Have you ever felt like there was nothing to your story? Like your life wasn’t anything worth sharing? Or like it would set you further apart from others?
Meet Rojé Ndayambaje. He didn’t enjoy sharing his life for a long time and he’d often divert the conversation when asked about his past. “It just felt weird,” he said. Since moving from a refugee camp in Africa to Australia as a young child, not knowing English and looking different to everyone around him, he always felt like an outcast. “When you grow up there, you know nothing else. Now I’m here and I realise it was full-on. But growing up, that was life. Things were difficult, but things had always been difficult for everyone.”
As he grew older, he became interested in poetry. Language helped shape the difficult and painful things in his past and became a place he felt comfortable sharing his story. “God has put me in a position to speak what my eyes have seen. Now I love writing and I hope my story can give hope to others.”
Growing up in Africa
Right after the Rwandan Genocide, a war broke out in Rojé’s village in Congo. His mother and father fled with Rojé, a baby at the time, strapped to their back. They found safety at a refugee camp in Uganda, where they lived for the next 10 years and where his sister and two brothers were born.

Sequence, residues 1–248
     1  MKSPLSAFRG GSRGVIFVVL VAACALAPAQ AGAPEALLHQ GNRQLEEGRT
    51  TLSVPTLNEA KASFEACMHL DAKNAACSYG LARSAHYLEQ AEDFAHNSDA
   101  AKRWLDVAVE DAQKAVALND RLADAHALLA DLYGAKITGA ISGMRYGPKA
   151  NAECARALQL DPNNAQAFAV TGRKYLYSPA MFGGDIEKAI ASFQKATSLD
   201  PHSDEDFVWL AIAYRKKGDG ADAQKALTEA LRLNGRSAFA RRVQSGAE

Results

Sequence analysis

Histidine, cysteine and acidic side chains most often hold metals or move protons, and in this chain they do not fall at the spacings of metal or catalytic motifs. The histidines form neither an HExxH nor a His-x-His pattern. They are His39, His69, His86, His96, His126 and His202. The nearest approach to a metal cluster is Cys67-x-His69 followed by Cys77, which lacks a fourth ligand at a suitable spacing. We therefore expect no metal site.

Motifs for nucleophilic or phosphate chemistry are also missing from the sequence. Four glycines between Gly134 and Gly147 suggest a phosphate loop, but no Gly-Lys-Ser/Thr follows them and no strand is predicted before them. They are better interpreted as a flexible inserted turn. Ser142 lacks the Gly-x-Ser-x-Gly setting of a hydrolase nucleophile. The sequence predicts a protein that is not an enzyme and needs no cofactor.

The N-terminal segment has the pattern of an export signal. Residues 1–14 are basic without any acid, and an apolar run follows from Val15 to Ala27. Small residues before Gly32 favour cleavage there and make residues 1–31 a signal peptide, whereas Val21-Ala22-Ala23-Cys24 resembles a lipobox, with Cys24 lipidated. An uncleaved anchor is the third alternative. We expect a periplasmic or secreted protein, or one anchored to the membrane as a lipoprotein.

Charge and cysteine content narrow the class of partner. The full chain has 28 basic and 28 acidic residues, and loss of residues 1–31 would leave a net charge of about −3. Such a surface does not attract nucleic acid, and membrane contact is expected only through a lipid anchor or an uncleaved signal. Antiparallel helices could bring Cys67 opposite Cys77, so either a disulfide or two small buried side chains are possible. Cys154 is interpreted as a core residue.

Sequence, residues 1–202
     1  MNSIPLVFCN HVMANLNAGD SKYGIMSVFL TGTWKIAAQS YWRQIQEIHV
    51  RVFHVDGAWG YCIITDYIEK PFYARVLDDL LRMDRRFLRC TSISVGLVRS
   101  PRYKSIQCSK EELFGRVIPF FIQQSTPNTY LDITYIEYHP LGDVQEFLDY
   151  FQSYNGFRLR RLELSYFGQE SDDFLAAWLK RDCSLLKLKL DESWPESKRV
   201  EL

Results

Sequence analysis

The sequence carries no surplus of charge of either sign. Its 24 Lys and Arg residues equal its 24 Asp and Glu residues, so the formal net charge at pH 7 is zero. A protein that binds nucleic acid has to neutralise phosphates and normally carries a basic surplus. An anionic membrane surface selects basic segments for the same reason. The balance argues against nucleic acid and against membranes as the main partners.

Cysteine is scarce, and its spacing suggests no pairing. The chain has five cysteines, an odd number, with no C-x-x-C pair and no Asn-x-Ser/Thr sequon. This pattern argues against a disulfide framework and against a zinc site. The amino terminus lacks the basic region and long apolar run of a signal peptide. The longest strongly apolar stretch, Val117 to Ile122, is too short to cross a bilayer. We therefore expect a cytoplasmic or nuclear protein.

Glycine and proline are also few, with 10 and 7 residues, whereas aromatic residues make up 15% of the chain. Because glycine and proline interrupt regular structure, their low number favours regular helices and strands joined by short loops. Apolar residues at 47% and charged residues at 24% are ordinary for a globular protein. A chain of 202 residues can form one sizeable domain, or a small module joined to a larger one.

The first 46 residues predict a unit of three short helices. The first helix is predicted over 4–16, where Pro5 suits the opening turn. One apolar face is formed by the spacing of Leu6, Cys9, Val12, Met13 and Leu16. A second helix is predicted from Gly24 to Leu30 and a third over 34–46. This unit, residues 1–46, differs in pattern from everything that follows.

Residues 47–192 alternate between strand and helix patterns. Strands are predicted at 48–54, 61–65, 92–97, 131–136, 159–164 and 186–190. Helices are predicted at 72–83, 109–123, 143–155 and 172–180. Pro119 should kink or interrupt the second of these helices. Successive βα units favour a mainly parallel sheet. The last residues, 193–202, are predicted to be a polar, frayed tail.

They were allocated a small area to grow food and every now and then, the Red Cross would bring in basics like flour and oil. But people lived at the mercy of the season. If it didn’t rain one season, crops didn’t grow. If you didn’t save your grains or beans, you’d likely go hungry or get sick. The hospital in the camp couldn’t do much and medications and supplies were sparse. If you were ill or injured, you had to wake up before sunrise and walk for hours to the nearest hospital. Even if you made it, it wasn’t guaranteed you’d be able to see someone.
As a result, Rojé’s father and sister passed away, leaving his mother to look after three young boys. “It’s a lot harder when you’re in a refugee camp and there are no men in the house because it’s harder for women to find jobs,” Rojé said. “But my mum did all she could and was very good at growing food and providing for us.”
Each day, they ate the same thing. They never had breakfast. Around midday, they would have a small drink-like porridge made from sorghum or maize. For dinner, it was ugali and stew made from vegetables and beans. A lot changed when his family moved to Australia, but one thing that never changed was the food they ate. Step into their home today and you’ll still find them eating the same. “Now, we have the luxury of having a lot more. But we never skipped a meal in Africa because of our own choosing.”
Rojé had seen that people in Africa trusted God and could endure things because of their faith. He remembers his parents praying when they didn’t have money or food. Their prayers weren’t always answered instantly, but something always happened, and God always sustained them.